a rope of sand. lb has no weigh!..
and will tumble to pieces.
? -* *? X
Tho adhesive power of this Go?
vernment is in tho confidence which
the peo pie put in each other. [Grout
cheering. ] Theses men who sat in
convention sut iu a city tho profes?
sions of whoso people in tkutus gone
by were that they wore a pouo?-loving
and a war-hating people. These men
sat there in convention in the inter?
ests of peace, and their professions
are doubted. These people say to
thom, we won't believe you, and,
therefore, this present state of prac?
tical dissolution of the Union must
continu? to exist. Why, as a South?
ern man-though 1 ?lo not speak
here to-night as a Southern man, be?
cause I first saw the light of Heaven
in a Southern State-thunk God, I
feel that I entertain opinions and
ideas that aro co-extensive with all
the States and with the people of
them all. While I am a Southern
mau, I am a Northern mau also
that is to say, I am a citizen of thc
J United States, ?md am willing to cou
I cede to other citizens what I claim
Hut L was going to call your atten?
tion to a point. The Southern States
or their leaders proposed separation,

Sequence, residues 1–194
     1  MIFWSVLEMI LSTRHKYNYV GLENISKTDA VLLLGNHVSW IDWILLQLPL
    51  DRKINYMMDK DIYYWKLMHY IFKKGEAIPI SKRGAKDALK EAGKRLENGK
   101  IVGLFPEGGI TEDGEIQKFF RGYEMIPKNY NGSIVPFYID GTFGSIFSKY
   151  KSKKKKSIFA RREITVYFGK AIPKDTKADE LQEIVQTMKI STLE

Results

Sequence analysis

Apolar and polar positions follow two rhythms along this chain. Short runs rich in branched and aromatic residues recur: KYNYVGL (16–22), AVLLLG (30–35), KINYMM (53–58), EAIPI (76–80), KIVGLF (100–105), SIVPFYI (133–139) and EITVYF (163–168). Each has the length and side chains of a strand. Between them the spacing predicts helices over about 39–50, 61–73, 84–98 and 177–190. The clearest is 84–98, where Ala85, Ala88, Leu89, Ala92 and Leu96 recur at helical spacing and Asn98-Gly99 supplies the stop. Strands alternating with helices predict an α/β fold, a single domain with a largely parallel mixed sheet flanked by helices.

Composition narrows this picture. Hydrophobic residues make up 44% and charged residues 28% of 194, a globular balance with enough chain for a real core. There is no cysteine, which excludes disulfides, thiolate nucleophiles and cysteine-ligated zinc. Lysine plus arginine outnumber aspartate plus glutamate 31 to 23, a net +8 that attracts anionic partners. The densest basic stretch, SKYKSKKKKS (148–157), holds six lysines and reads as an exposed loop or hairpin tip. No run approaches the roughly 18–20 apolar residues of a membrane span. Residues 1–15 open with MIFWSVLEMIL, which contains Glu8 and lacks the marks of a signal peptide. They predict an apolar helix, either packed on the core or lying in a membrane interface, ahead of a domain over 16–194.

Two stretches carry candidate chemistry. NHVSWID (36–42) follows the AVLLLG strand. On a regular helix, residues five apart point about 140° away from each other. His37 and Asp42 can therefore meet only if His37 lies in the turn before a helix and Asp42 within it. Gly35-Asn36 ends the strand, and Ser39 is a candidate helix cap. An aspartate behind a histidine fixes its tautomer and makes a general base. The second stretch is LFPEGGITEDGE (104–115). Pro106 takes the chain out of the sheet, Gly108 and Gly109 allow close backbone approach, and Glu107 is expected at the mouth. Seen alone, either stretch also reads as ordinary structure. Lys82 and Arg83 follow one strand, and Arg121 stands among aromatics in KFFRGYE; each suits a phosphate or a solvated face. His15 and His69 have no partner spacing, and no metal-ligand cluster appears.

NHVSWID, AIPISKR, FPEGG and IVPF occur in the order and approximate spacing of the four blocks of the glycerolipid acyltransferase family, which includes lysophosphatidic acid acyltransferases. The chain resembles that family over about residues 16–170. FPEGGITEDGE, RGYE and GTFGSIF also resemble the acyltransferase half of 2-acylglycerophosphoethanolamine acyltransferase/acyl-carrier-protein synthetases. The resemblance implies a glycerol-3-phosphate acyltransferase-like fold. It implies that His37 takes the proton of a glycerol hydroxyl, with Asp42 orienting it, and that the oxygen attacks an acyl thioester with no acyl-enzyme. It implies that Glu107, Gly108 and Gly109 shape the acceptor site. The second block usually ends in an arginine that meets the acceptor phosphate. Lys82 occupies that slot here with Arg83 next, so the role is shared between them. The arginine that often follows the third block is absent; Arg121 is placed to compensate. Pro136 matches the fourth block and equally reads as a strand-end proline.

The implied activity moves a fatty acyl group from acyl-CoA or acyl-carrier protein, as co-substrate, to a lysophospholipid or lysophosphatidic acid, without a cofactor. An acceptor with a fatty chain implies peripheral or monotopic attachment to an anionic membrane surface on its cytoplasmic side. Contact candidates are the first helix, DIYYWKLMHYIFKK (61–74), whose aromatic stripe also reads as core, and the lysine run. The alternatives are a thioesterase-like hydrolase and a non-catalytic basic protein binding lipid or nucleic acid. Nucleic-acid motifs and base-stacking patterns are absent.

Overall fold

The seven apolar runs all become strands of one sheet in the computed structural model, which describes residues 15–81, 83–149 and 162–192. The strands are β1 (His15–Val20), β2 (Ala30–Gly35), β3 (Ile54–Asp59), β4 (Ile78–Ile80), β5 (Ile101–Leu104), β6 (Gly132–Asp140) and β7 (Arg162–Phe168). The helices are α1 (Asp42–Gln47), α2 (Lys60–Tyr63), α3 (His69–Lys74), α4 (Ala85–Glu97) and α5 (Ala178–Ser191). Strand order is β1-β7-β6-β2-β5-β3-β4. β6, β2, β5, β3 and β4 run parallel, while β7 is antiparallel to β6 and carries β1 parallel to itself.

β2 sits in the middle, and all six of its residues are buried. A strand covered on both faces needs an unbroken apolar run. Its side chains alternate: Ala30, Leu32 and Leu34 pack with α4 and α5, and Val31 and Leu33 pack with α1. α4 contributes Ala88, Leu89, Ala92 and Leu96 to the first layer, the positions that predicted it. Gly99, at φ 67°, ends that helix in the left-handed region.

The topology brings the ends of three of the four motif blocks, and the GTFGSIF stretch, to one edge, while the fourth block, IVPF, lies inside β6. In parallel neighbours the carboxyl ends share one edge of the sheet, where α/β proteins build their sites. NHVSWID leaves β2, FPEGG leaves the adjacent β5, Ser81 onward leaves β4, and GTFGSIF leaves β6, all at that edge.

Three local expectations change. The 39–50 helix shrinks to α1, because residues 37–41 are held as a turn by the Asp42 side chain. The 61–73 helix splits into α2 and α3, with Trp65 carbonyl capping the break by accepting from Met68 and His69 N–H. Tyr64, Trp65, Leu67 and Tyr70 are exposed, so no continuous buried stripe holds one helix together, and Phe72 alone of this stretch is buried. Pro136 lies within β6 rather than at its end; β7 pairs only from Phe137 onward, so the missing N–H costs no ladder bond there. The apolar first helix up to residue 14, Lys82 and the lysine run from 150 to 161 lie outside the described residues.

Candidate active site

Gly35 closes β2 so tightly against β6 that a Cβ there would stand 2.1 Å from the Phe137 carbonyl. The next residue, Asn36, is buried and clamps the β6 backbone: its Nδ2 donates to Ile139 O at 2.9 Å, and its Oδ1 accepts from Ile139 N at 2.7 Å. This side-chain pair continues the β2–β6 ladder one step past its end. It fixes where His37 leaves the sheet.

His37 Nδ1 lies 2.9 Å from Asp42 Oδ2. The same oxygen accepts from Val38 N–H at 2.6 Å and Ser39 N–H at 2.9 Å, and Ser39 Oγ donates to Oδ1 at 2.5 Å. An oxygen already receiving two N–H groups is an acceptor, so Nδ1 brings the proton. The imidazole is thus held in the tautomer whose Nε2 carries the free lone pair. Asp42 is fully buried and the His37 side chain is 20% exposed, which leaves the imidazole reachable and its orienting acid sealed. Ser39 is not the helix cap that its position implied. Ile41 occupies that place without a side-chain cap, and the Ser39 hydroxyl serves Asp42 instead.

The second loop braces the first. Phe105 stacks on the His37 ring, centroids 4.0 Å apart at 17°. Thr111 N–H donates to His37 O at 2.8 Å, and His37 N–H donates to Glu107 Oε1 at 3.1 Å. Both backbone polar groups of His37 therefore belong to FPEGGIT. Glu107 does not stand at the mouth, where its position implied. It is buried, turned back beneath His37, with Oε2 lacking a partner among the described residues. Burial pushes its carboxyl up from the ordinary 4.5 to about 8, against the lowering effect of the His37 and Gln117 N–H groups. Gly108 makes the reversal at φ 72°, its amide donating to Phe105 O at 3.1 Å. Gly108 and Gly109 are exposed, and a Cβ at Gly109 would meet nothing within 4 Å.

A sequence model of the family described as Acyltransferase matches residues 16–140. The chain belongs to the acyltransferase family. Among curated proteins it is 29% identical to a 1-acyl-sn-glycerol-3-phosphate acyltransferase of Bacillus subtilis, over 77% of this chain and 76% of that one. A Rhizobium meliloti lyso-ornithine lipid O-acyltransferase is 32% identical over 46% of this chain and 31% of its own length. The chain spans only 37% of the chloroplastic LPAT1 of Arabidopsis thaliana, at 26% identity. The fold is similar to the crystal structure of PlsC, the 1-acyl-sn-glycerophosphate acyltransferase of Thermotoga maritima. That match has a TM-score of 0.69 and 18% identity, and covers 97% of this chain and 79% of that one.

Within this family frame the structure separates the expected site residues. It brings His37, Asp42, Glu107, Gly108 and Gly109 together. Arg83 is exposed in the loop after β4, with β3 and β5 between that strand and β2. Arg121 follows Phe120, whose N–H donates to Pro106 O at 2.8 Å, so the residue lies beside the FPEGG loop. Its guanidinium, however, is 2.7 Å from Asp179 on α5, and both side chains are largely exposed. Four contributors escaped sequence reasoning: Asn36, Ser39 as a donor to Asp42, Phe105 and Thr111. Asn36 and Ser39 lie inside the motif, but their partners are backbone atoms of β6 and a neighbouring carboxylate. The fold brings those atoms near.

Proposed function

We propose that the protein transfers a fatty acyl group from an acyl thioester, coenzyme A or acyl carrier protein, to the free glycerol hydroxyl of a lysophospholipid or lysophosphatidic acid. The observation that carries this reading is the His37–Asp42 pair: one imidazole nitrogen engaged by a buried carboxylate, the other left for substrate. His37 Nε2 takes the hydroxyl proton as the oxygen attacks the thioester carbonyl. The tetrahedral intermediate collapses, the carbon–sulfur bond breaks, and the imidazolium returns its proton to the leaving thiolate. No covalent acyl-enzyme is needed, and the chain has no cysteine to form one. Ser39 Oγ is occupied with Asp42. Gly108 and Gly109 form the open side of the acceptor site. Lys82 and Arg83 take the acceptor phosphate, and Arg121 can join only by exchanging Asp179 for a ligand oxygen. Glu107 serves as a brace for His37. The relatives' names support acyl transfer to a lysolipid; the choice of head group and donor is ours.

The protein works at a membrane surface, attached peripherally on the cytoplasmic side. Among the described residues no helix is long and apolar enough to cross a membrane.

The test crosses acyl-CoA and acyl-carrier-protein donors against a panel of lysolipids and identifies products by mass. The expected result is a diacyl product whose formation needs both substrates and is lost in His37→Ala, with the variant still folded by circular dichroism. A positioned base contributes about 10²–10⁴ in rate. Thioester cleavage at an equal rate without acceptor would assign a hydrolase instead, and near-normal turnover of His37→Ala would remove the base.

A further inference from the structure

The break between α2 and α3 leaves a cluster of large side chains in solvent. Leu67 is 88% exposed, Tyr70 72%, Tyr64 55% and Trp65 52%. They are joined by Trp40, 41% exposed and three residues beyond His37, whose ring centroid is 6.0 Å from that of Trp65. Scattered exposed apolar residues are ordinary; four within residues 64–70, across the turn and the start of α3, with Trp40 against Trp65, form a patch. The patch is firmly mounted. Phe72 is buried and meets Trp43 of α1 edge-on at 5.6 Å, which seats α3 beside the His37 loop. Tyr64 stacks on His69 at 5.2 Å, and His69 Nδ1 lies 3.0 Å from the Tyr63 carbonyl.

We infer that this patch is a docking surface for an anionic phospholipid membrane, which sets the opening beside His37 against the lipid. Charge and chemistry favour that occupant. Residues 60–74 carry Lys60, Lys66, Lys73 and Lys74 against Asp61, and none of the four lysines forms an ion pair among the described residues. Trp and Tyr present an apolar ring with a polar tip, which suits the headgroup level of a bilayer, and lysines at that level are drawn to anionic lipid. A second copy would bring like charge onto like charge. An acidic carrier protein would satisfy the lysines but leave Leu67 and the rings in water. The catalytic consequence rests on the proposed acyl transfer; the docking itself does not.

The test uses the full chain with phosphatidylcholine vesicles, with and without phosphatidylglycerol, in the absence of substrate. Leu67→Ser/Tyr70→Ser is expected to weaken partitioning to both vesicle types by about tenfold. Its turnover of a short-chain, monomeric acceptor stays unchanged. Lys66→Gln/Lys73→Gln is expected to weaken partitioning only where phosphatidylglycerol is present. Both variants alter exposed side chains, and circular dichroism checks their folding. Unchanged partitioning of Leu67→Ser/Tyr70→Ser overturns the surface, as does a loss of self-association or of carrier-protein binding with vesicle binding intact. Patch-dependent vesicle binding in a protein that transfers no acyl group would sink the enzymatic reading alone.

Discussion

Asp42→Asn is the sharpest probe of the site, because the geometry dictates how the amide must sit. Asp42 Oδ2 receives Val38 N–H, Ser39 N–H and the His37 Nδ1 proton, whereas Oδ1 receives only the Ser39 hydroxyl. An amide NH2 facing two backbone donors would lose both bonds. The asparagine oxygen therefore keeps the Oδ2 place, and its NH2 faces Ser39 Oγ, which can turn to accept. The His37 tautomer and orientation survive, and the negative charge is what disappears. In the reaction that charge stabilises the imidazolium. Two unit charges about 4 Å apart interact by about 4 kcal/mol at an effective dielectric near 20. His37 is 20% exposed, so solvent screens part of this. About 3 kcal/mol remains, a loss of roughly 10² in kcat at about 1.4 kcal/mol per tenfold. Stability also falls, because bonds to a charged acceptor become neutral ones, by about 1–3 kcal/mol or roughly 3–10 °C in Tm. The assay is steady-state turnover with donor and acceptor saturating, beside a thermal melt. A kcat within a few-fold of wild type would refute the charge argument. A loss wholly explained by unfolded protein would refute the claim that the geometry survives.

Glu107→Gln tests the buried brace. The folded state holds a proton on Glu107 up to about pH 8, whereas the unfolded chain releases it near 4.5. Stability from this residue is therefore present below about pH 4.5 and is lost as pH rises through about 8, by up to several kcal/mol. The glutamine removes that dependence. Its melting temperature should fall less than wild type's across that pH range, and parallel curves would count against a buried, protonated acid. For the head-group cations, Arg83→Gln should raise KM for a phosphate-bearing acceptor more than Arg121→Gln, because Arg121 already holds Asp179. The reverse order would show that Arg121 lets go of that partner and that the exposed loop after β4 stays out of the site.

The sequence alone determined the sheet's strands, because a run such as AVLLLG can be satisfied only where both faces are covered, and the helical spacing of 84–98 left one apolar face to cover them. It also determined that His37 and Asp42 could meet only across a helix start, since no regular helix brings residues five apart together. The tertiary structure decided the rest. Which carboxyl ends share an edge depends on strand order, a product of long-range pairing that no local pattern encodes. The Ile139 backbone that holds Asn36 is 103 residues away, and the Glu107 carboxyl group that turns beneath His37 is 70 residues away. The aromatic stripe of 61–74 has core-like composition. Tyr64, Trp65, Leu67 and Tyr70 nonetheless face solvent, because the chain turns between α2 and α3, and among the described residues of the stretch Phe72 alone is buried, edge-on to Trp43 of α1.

j Now, what was tho reason that they
did so? The time has come to eon
suit our reason, and not mere impulse.
What was tue reason, or one of the
reasons, that the South gave for de?
siring separation? They said they
feared that tho Constitution of thc
i United States could not be enforced,
aud that their rights could not be se?
cured in the Union; that was the
reason they gave. They said the
Constitution cannot be enforced, iu
! the Uuion. and, therefore, we will
separate from the Union, and we will
form a now Government for our?
selves, and will toke tho Constitution
?>f our country and enforce it there.
I That was separation; it was against
? the Union, and I was always opposed
j to anything that was opposed to the
! Union. 1 took my positiou in the